Grand Rapids Attorneys & Counselors

616.828.1195

44 Grandville Avenue SW, Suite 200 Grand Rapids, Michigan 49503

Changes in Law Present Planning Opportunities

Andrew Rassi

Posted: July 20th, 2011

Author: Andrew Rassi

Categories: Real Estate, Lake Michigan Property, Business & Corporate

It is often the case that a change in the law (either through a Court ruling or a modification by the legislature) can present planning opportunities for those in the right circumstances.  This Spring, there were two such changes in Michigan that may provide some planning opportunities for individuals and businesses that find themselves in the unique situation to take advantage of them. 

The first involves a Michigan Supreme Court case that may provide an opportunity for families to maintain a low property tax base on the family cottage for generations and the other involves the repeal of the Michigan Business Tax (“MBT”) that may allow some older, closely held C Corporations the opportunity to save some income taxes. 

1.  Property Tax Planning Opportunity for the Family Cottage

Klooster v. City of Charlevoix

This is a Michigan Supreme Court opinion ruling on a property tax “uncapping” case revolving around the question of whether the creation of a joint tenancy allowed the local assessor to “uncap” the property.  In a nutshell, the Supreme Court held that neither the creation of a joint tenancy nor the termination of that joint tenancy would create an uncapping event. *Caveat – this is a simplification of the holding for purposes of highlighting this planning opportunity. 

Property Tax Capping – Where did it come from and why is it important?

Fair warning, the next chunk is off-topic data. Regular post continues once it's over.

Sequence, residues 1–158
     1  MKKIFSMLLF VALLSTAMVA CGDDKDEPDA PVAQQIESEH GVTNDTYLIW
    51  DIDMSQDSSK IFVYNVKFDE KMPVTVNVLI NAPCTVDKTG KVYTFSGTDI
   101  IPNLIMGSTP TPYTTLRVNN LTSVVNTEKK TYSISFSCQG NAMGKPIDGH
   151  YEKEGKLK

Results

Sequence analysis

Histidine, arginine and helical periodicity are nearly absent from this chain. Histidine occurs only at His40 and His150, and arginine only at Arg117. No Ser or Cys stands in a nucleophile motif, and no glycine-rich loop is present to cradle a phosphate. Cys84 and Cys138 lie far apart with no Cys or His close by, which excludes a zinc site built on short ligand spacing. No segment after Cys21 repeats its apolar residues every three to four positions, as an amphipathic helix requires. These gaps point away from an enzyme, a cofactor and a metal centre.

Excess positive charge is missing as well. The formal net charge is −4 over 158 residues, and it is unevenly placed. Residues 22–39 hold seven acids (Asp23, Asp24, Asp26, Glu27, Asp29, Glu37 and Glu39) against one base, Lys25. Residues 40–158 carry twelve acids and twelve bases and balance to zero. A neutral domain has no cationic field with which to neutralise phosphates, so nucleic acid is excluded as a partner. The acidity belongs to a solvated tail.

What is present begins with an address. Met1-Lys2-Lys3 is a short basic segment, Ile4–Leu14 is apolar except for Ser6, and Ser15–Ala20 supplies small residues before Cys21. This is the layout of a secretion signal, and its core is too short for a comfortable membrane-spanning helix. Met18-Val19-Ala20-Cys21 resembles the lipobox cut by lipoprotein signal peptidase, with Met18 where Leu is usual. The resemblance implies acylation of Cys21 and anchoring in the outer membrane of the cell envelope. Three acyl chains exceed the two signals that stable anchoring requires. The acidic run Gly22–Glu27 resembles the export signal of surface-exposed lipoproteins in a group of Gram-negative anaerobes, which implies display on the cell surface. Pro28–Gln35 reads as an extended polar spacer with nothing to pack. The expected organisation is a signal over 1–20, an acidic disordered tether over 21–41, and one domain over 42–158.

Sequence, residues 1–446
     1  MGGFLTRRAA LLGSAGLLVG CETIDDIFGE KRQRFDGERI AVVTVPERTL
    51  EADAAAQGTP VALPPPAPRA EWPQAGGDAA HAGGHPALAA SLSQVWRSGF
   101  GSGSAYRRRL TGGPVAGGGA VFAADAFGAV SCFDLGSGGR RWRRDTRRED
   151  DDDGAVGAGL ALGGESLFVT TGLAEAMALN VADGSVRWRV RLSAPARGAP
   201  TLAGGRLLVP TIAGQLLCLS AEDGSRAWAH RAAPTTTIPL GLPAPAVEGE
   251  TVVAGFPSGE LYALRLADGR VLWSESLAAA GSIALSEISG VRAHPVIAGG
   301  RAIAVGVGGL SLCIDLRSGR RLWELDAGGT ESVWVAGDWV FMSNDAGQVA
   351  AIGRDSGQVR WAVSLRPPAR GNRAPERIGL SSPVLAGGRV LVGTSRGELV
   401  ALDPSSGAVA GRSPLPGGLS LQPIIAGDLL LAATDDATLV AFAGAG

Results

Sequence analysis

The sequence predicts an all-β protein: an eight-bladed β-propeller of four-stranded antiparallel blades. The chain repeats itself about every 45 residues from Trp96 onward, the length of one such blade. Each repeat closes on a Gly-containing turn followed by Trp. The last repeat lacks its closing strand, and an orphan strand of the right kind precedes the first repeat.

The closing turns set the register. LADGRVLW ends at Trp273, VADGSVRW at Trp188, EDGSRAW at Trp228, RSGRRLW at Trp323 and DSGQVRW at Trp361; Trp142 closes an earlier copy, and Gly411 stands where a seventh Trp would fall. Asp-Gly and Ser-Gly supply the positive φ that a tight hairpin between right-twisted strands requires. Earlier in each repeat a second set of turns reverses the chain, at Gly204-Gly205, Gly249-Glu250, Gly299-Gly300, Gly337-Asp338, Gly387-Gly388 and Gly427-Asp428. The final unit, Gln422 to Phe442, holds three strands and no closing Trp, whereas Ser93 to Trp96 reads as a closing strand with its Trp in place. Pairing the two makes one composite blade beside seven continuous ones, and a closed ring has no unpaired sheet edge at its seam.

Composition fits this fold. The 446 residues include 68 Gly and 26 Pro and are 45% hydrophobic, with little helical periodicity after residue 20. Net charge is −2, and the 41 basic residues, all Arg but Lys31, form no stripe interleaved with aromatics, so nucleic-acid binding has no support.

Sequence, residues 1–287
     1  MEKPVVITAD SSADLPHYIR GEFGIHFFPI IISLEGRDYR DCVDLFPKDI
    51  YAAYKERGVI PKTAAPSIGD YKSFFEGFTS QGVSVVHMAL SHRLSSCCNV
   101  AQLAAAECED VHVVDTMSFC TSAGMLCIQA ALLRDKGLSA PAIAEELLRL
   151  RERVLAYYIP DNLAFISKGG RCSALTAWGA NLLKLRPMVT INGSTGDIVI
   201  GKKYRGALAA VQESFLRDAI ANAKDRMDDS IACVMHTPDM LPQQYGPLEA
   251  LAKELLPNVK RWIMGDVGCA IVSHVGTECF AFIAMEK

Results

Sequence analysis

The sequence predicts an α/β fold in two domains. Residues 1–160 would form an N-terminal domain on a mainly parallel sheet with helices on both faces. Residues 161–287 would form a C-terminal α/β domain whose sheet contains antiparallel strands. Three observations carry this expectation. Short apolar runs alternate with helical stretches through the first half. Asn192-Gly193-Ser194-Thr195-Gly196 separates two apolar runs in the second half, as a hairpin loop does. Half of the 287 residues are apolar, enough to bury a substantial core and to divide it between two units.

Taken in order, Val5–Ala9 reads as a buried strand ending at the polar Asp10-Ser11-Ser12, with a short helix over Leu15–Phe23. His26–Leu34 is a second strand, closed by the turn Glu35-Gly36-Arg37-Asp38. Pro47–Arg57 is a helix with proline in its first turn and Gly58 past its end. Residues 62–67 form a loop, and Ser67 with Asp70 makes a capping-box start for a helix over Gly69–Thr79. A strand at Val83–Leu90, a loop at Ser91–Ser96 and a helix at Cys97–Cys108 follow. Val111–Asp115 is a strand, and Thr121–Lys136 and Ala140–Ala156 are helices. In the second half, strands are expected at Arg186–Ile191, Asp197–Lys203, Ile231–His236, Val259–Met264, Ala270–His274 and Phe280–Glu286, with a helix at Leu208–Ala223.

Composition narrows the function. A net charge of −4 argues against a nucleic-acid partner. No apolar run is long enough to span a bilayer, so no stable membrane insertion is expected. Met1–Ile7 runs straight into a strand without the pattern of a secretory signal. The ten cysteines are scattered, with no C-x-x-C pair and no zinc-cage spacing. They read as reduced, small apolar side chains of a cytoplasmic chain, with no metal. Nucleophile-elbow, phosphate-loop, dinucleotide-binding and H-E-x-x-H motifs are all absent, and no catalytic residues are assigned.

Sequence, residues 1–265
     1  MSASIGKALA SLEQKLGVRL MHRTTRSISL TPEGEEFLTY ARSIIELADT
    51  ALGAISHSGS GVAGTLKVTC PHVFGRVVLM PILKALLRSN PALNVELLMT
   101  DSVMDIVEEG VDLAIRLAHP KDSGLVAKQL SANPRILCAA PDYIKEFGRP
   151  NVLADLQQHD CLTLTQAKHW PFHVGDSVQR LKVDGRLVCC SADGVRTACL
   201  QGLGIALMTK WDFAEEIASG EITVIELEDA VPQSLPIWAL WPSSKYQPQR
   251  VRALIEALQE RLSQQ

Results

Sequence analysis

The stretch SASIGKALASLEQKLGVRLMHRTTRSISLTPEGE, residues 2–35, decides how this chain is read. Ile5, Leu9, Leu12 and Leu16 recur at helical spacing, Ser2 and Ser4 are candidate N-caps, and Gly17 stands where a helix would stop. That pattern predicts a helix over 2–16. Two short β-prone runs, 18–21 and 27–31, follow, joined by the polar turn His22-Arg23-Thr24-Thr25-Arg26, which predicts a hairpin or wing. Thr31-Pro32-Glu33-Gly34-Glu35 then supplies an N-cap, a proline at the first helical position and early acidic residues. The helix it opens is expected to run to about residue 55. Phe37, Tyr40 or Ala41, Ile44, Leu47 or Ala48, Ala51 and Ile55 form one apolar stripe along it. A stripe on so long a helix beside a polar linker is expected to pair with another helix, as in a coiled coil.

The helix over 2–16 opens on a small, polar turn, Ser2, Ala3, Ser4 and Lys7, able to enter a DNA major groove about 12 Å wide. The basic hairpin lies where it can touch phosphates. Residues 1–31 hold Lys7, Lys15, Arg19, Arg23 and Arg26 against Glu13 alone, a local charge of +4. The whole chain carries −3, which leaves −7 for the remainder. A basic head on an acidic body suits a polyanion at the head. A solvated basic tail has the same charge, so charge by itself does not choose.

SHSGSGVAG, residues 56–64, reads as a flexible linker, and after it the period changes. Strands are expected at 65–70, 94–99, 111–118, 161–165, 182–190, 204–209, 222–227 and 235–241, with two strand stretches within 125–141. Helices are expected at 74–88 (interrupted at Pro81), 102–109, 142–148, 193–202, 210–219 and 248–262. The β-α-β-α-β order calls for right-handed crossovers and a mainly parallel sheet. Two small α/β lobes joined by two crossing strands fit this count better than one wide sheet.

The issue of capping and uncapping of property taxes stems from the 1995 Amendments to the General Property Tax Act (GPTA) of the State of Michigan which put a cap on the amount of increases that an assessor could add to the taxable value of a piece of property.  The cap was set at the lesser of 5% of the assessed value of the property for the previous year, or the increase in the rate of inflation from the previous year.  Although this does not become much of an issue for the first several years of ownership typically, if a family has owned a desirable and quickly appreciating property (typically a lake cottage) for a long time, then it is likely that the cap on assessment of property tax may play a significant role in the family’s ability to continue to own the property after transfer from the first generation.  For example, a lake cottage that was purchased 25 years ago for $250,000 may, because the increase in taxes have been capped, be taxed at the equivalent of a $400,000 property value, even though the actual value of the property may be closer to $1,250,000.  So, if the transfer to the next generation “uncaps” the property, then instead of being taxed like a $400,000 house, the property would be taxed like a $1,250,000 house, more than tripling the annual tax payments on the property.  Often, this uncapping event makes it impractical, if not impossible, for the family to continue to own and use the lake cottage as a family cottage, and necessitates the sale of the family cottage in order to get out from under the heavy property tax obligation.